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ShopTalk Melbourne: Customer-Enabling Technology
Industry peers convened last night to hear a panel discussion on the topic of customer-enabling technology and how retailers can make it easier for customers to shop.
Amblique sponsored this week’s ShopTalk event held at the Honey Bar in Clarendon Street, South Melbourne, where e-commerce professionals gathered to hear industry experts discuss their experiences in the field of customer-enabling technology.
Foenander talked about Cole’s hiku device designed to create a seamless in-home shopping experience, through the use of a hand-held device featuring a barcode scanner and voice recognition. The idea is that household members can use voice commands to automatically add items to a digital shopping list via a Coles’ smartphone app, or go a step further and add an item directly into the Coles Online shopping cart.
When talking to the challenges of customer-enabling technology, particularly with mobile that the company has witnessed a significant uplift in use of, Foenander said that basket sizes present issues on mobile, and that developments need to be made to allow for the easy modification of orders on mobile.
“The customer’s shopping journey takes time,” Foenander explained. “I have four kids, just tell me what I need and make the experience as fun as possible. And give me time back!
“At Coles, we have the luxury of being able to trial things so long as we’re hitting the right balance of serving the needs of our customers, suppliers and the broader business. We mustn’t lose sight of our customers; we have to understand the customer experience and work out how the technology fits that.”
Bovard explained that 2XU had been working hard not only to create a single e-commerce platform globally, but on getting the basics right. Equally, he recognised that the company is not cutting-edge when it comes to innovation, and that the company invests in a SaaS model to drive the innovation on the company’s behalf.
“Retention is key. Growing our customer database and creating more targeted emailing, based on purchasing behaviours to create the most relevant user journey, represents the bread and butter of our business,” he said.
“Ship from store is both under-valued and under-used by retailers, and presents a good opportunity to recoup lost online sales due to a lack of stock. Shipping from store multiplies inventory by 10, and puts your conversion 20-30 points higher. It’s a commercial upside that businesses are missing out on.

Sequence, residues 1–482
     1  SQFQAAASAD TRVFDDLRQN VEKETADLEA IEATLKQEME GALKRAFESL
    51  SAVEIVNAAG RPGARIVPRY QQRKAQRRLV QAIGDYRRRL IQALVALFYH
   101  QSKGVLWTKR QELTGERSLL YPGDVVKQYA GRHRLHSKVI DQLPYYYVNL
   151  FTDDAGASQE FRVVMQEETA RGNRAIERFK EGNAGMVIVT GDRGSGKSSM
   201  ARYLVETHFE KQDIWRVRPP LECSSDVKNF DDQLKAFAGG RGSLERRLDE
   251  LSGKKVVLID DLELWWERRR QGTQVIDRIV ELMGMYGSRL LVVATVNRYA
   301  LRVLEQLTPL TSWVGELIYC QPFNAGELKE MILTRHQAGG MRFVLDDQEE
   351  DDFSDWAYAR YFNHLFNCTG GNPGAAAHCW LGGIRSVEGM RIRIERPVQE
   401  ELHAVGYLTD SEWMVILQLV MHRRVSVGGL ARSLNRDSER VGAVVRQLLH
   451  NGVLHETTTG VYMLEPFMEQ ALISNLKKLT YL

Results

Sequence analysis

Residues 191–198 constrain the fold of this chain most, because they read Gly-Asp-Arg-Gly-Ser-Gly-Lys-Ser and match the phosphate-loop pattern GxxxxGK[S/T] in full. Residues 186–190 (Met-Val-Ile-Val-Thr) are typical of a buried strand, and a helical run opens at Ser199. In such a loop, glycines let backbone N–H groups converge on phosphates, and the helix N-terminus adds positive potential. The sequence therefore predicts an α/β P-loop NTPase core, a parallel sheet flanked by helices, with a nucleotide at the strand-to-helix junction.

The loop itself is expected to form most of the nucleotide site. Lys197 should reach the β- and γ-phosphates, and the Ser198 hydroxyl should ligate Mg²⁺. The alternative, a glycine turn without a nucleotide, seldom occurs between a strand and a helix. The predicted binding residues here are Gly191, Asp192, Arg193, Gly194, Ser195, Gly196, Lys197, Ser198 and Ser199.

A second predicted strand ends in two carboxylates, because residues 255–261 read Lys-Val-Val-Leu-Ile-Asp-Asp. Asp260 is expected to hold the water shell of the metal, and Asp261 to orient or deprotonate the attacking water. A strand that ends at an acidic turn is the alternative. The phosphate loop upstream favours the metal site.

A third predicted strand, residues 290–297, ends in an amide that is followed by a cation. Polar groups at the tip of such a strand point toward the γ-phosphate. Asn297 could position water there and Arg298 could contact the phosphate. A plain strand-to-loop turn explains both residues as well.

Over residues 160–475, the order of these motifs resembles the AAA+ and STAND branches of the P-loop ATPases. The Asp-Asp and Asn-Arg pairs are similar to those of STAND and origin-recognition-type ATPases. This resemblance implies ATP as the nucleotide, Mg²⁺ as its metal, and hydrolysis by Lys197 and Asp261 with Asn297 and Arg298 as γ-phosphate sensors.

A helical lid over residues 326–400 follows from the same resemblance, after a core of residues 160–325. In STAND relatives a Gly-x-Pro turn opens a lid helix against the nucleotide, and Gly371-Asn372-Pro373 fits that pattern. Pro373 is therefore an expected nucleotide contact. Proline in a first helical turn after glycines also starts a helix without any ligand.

“Additionally, sophistication in the delivery experience needs to be better. We need to deliver a personalised, one-to-one experience as offered by a retail store.”
Also speaking to the challenges the company faces, Bovard explained: “We have a list of ideas when it comes to customer-enabling technology. But we are restricted by an IT system preventing them from coming to fruition.”
Clement, who has been with Jetstar for only three months, but comes with a wealth of retail experience with brands including Forever New, Kathmandu and Quiksilver, spoke to Jetstar’s test and learn philosophy.
“Jetstar fosters a culture of agile development for driving technologies, particularly in the mobile space, with its push notifications for web check-ins, and with its self-serve kiosks,” she explained.
Jetstar’s ‘Price Watch’ functionality, whereby a customer is emailed once a price point is hit has proven successful for the company, as has its cart abandonment strategy that has been rolled out across one of its 21 sites and is exceeding expectations, particularly with its ancillary revenue, which has increased as a percentage of sales.
Referring to a BA app she used, through which she received push notifications in English on landing overseas to inform her what baggage carousel to go to, Clement said: “Beacons are there to support the travel experience and make customers lives more convenient. The mobile device is centric to customer-enabling technology moving forward.”
Pertinent to the discussions of the evening was data, and it appears the gap between obtaining it and working out how to leverage it to offer a more personalised customer experience remains large.
“We envisage a future of hyper-personalisation,” said Clement. “We want to streamline the checkout to reward our loyal customers and make it easier for them to do business with us.
“The biggest complexity we face is how the data we have flows between all the pieces of technology we have in the digital ecosystem. We want to create open APIs to store data and let customers tailor the experience. We want to bring omnichannel to the travel world.”
Foenander concurred, saying: “The whole Internet of Things technologies will simplify the home experience. We need to predict elements using data to provide a more personalised experience, applying the technology and insights from the retail world into the home.
“The foundation lies in the data. But it needs to be quality, and it needs to be integrated, to present a full view for the customer’s benefit.”
The next ShopTalk event in Melbourne will be on December 2nd and on the topic of content, video and storytelling.